What Makes Families Tick


The family stories in contemporary CanLit are not all that different from the stories and novels read by my grandmother’s generation. The women in my family did not read obsessively, no, but regularly, yes. What else was there to do in the evenings when your favourite show was in reruns

What Makes Families Tick2019-03-17T17:28:36-05:00

Louise Erdrich’s The Antelope Wife (1998)


Maybe it was because I read this one immediately following Tales of Burning Love, so I was more completely immersed in Erdrich-ness than I have been, yet, in this reading project. Or, maybe its more prominent air of mysticism charmed me from the first whiff. Either way, I loved

Louise Erdrich’s The Antelope Wife (1998)2018-09-14T19:18:41-05:00

Quarterly Stories: Autumn 2016


Only ten this year, so far. Without my Alice Munro project to steer me, I am not reading as many short story collections now. Over the summer, I read Cherie Dimaline's A Gentle Habit (2015) as part of All Lit Up's summer bookclub. Dimaline is a member of the Georgian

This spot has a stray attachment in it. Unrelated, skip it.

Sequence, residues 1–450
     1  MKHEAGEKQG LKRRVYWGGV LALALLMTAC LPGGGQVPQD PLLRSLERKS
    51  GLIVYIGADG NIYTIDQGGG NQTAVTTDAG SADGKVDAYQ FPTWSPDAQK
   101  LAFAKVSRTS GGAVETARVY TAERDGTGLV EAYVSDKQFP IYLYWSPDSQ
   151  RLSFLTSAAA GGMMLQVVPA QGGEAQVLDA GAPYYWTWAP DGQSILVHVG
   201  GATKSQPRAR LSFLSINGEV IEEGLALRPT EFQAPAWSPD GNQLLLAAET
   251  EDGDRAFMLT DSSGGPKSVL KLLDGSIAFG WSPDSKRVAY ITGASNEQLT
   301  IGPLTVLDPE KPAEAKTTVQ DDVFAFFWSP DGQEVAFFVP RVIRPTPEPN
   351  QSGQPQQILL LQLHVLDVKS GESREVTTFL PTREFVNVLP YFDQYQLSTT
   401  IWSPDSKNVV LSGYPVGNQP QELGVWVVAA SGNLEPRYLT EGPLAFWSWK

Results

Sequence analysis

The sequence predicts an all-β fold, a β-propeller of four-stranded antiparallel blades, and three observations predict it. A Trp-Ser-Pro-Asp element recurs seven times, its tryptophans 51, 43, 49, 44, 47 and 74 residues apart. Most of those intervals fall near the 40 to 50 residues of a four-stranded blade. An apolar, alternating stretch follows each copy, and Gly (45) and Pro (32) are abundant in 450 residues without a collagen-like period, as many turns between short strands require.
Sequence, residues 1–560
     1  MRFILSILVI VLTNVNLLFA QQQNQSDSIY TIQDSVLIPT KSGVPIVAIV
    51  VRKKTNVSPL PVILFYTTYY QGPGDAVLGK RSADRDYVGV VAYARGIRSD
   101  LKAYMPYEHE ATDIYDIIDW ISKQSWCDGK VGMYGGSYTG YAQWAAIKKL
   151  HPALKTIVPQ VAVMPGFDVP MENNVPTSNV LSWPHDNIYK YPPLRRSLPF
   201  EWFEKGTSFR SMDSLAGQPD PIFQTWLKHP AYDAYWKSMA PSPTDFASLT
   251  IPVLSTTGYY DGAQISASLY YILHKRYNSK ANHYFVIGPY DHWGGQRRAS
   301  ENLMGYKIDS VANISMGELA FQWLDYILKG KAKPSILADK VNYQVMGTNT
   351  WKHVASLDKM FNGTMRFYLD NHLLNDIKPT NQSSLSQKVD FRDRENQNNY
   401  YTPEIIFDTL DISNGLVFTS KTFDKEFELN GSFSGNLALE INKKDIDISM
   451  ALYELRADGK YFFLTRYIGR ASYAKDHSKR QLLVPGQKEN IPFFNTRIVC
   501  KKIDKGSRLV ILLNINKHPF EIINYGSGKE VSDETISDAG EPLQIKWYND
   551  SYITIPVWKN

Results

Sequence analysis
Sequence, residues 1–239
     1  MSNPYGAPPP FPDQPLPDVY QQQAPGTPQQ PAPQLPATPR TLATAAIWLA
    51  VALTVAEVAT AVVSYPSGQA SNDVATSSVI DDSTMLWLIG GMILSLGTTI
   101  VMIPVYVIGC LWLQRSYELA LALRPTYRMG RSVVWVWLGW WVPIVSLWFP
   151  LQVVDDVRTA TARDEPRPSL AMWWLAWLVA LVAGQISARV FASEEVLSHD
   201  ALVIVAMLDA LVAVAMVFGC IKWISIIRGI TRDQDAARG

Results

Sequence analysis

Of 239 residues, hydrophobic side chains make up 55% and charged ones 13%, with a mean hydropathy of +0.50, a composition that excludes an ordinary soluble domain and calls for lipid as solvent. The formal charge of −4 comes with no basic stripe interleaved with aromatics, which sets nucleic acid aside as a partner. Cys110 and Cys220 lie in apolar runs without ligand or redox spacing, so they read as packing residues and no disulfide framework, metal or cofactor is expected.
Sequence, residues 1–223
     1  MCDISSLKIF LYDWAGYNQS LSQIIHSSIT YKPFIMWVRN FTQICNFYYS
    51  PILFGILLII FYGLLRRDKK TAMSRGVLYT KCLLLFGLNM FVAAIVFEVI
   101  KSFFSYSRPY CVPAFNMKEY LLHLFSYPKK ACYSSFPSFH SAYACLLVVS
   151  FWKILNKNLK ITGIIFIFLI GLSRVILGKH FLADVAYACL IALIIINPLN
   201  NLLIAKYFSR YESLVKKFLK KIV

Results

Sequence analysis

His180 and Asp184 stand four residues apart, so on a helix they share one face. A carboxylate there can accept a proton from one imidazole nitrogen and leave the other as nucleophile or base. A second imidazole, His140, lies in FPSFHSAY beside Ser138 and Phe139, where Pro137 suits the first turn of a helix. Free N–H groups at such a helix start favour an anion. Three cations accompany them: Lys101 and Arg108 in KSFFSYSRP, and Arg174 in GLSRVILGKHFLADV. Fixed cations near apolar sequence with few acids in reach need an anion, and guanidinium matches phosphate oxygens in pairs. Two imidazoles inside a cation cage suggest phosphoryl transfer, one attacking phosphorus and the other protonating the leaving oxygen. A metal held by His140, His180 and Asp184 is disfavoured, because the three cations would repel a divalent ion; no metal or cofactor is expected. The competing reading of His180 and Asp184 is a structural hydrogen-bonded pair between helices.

Quarterly Stories: Autumn 20162020-12-18T15:59:31-05:00

Kingdoms of the Dead


Lynda Barry says a “happy ending is hardly important, though we may be glad it’s there”. But there’s more to it, she says: “The real joy is knowing that if you felt the trouble in the story, your kingdom isn’t dead.”* Doubleday Canada, 2015 If one reads a

Kingdoms of the Dead2016-06-10T08:40:34-05:00

Helen Oyeyemi’s The Icarus Girl (2005)


Jessamy is eight years old. When readers meet her, she is in a closet. She doesn't mind readers knowing, but she is hesitant to admit it to her mother, who has believed her to be outside. This is but the tip of the iceberg which comprises Jessamy's interior truth, and

Helen Oyeyemi’s The Icarus Girl (2005)2016-04-22T08:33:57-05:00
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